• Tech Staff

    a long throw / zoom lens will create a narrower beam so that's a major factor..  of course the far/near edges will be very different.

  • Not an answer to your question but a recommendation, this lens is amazing. Talking angles (ratio 4:3, reference bottom of projection) 68°. And not a single pixel streched.

    best r

  • the other way around - 22°

  • @reinhard I lust after that lens. It's SO expensive, but I have two projectors that can use it! 

  • @gertjanb I think you are talking about ending up with a trapezium shape because you are projecting from an angle, not just using lenses to change aspect ratios right, where the projection angle is not perpendicular a situation where you might have used keystone?

    In general you can have a good idea of the minimum resolution you need based on screen size and audience viewing distance, these numbers are so the audience cannot see your pixels, people have their own formulas but you can check this http://carltonbale.com/wp-cont.... From this you can calculate the maximum size your pixels should be. In the case of an offset projection angle you can calculate the the different between the pixel sizes for each side of a screen, the angle gives one side of the screen a bigger distance to the proejctor. If this falls within your pixel size range then it should be ok. You will also notice a colour and brightness dropoff over the surface with low angles.

  • @Fred 

    even if you are keystoning/mapping your image to fit it back into a rectangle, your pixels are not going to be square. I think Gertjan is asking about the distortion within the individual pixels. if you're projecting at an angle then the image creates a trapezoid shape, and each pixel is going to be a tiny version of that trapezoid. (roughly)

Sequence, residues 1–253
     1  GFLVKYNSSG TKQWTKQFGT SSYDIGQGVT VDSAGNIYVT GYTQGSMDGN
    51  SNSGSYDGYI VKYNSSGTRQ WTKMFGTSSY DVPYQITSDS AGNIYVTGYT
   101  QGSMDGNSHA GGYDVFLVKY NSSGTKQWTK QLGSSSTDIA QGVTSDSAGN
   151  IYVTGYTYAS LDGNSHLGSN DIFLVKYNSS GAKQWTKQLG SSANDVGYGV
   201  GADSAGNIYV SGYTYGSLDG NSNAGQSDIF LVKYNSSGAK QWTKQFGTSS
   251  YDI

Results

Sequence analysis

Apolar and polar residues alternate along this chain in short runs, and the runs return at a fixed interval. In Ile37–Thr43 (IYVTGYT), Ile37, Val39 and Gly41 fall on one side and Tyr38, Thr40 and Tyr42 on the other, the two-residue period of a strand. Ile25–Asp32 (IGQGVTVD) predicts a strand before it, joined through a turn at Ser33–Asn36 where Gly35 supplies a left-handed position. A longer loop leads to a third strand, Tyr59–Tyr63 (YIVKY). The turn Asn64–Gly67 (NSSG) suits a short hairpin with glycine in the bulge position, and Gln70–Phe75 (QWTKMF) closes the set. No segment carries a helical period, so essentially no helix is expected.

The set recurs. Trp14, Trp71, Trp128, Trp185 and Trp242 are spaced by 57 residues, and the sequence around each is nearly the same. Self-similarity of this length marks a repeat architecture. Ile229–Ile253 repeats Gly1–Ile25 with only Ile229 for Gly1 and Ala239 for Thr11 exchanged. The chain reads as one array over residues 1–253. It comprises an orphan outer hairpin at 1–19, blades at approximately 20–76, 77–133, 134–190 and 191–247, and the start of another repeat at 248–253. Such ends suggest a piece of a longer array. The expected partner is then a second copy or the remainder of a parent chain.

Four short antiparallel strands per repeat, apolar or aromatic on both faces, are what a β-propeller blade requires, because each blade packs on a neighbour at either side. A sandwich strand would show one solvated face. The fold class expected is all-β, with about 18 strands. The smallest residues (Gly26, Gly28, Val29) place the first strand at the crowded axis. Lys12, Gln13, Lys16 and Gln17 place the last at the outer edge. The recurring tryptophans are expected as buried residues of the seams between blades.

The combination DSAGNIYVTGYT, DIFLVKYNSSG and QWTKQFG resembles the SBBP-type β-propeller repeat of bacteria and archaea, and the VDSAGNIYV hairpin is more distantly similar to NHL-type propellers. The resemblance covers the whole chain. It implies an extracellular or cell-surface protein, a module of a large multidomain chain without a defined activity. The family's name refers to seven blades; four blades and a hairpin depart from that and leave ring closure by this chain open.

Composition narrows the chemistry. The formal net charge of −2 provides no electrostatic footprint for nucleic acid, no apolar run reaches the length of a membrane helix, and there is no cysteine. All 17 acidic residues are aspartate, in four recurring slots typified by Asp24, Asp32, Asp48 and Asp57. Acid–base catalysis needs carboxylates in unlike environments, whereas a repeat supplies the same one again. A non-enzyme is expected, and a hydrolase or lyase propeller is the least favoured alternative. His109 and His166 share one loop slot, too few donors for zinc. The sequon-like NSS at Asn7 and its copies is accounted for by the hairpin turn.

different lenses will cope with angled projection in different ways. a basic rule that i have experienced is that the wider the throw, the more pronounced the trapezoid. i regularly use Sony UST beamers with 0.27:1 lenses and these need to be pretty perpendicular to the screen, but can go super-close and throw about 500mm-1m above the machine. I also use Optoma ST machines with 0.5:1 lenses - also with an asymmetric throw, these also chuck the image about 1m above the machine (at a 6m wide image). Beamers with symmetrical throw lenses (widest I've found is the Sanyo LNS-W10 that is 0.8:1) tend to have physical lens shift that will give you more options for image placement. by the time you get to 1:1 throw ratio, the trapezoid is less apparent if you need to hit the screen at an angle. so i guess the longer the lens, the more acute angle you can hit the wall, but also the further from the wall you need to be to get your image big.

    i'm doing a gig next month with a couple of Sony VPL SW536 machines in a tight space at the back of a stage. i'm thinking of angling one of them at about 60 degrees to the wall and i know its going to splay out massively and will need lots of izzymap, but the image doesn't have to be super clean, so big, out of focus pixels at the far edge will be acceptable.

  • Tech Staff

    I ran across this thread while looking for something else: https://community.troikatronix...

  • Hello @dbini,

    Seeing you've some experience with Optoma ST machines. I'm doing a project for which I'll use an Optoma ST 0.5:1. We are thinking of angling it at between 60&70° to the surface. Have you any idea what angle would be a no go - even with mapping?

  • @msanii

    i'll test the setup for you over the next couple of days and post some results here....

  • @dbini 

    looking forward, thanks.

  • i had a play around with an Optoma ST with an iPhone taped to it to use the spirit level - 1m from the wall so the image is 2m wide. here's some sketches of the results - not to scale. i wouldn't push the projector much further than 24 degrees from horizontal because the keystoning gets excessive and brightness starts to fall off. but up to 24 degrees i reckon mapping is no problem. i dropped it to -21 degrees, which - using a little table as a stand - got the image onto the floor. the top edge started to get a bit small and bright. i regularly prop this machine up with its front paws on the floor, so that the bottom edge of the image is also on the floor, and map it back to rectangular.i guess thats at about 16 degrees. i hope this helps....

  • Hi @dbini

    I wasn't able to respond earlier but thanks so much for this. The projector has an offset of 115%. So I figure when placed perpendicular to a surface 3m away (blue lines in drawing) the projector offset produces a projection angle of 9.6°. If I then incline the projector 24° (red lines) I'd in reality be obtaining a projection angle of 33.6°(9.6+24).